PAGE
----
application under the CJTD Friend Scheme, you may find out more details here.
What should I bring?
of all the document(s) uploaded onto CJTS, as the Tribunals may ask for them to be produced for verification. See here
for a list of the documents to be uploaded on CJTS.
Any other documents you want to rely on for the case, if they have not been uploaded on CJTS. Prepare at least 3 copies of all document(s) so that they can be provided to the Tribunal Magistrate and the other party.
Who may represent me at the Hearing?
- Lawyers are not allowed to represent any of the parties in proceedings before the Tribunals.
- Sole proprietors and individuals who are claimants or respondents must attend in person.
- Companies can only be represented by a full-time employee or a Director, Chief Executive, Manager, Secretary, or other officer of similar authority. A partnership can be represented by a full-time employee or one of the partners.
- If an authorised representative is appointed to represent a company or partnership, the authorised representative will be taken to have been mandated and authorised to do the following:
A person who is, in the opinion of the Tribunal, unable to present his own case by reason of old age, illiteracy or infirmity of mind or body, mind or body, may be represented by a person who is duly authorised by him in writing or who is approved by the Tribunal.A party may apply to be represented by a representative by logging on to CJTS and choosing the e-service "Application for Representative". The application is subject to the Tribunal's approval.
- Present the case to the Tribunal Magistrate clearly, correctly and concisely and bind the one he is representing by what he says and does.
- Produce to the Tribunal Magistrate all relevant documents (e.g. contracts, letters between the parties) supporting the case; and
- Decide to settle the claim if solutions proposed are acceptable.
Can I be accompanied by a family member, friend or other person at the hearing?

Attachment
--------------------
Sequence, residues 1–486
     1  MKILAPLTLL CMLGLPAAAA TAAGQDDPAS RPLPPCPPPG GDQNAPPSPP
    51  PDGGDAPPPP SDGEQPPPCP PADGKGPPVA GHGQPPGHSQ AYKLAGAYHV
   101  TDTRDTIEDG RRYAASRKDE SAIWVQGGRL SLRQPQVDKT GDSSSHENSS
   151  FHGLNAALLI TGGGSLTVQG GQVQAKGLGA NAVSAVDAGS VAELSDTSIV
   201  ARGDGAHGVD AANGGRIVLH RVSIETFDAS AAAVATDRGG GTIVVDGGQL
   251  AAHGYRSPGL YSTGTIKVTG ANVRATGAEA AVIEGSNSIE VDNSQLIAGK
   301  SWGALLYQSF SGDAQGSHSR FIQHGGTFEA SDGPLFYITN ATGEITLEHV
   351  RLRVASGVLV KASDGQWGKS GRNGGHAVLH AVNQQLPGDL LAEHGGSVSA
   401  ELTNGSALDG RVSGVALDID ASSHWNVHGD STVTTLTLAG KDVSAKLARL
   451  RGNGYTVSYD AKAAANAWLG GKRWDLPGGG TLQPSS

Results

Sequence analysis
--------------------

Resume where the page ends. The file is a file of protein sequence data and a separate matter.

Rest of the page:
Unrepresented litigants-in-person may apply under the CJTD Friend Scheme to be assisted in proceedings before the Tribunal or the Registrar by a family member, friend, or a volunteer from the Community Justice Centre or other pro bono agency / entity. Please note that the CJTD Friend may not provide you with legal advice, manage your case or act as your agent when dealing with other parties, or address the Tribunal or the Registrar during the hearing.
This request to be accompanied by a CJTD Friend is subject to the approval of the Tribunal or the Registrar. If you wish to make an application under the CJTD Friend Scheme, you may find out more details here.
The Hearing Day
Be properly attired. No shorts or slippers are allowed in Court.
At the Tribunals' waiting area, take a Queue number for Hearing from the Queue machine. Wait for your Q number to be called and proceed to the Tribunal Magistrate's Hearing Room.
The Hearing will be conducted in private. During the Hearing, both parties will have a chance to present their cases to the Tribunal Magistrate. The Tribunal Magistrate will decide whether or not to call witnesses to give evidence.
The Tribunal Magistrate will make a decision on the merits of the case and in accordance with the law. At the end of the Hearing, the Tribunal Magistrate may make:
A Money order
A Work order
A Work order with an default Money order
A Discontinuance order
An order dismissing the whole or part of the claim
A Costs order
An order for delivery of vacant possession
The Tribunal Magistrate may call for further Hearing dates or may give judgment at a later date.
An order of the Tribunals made on claims filed before 1 November 2019 may be enforced as though it was an order of a Magistrate’s Court, while an order of the Tribunals made on claims filed on or after 1 November 2019 may be enforced as though it was an order of a District Court.
For more information about attending a Hearing, please refer to:
ABCs of Hearings Before a Tribunal Magistrate
Brochure 2: Main Stages of a Small Claims Tribunals Case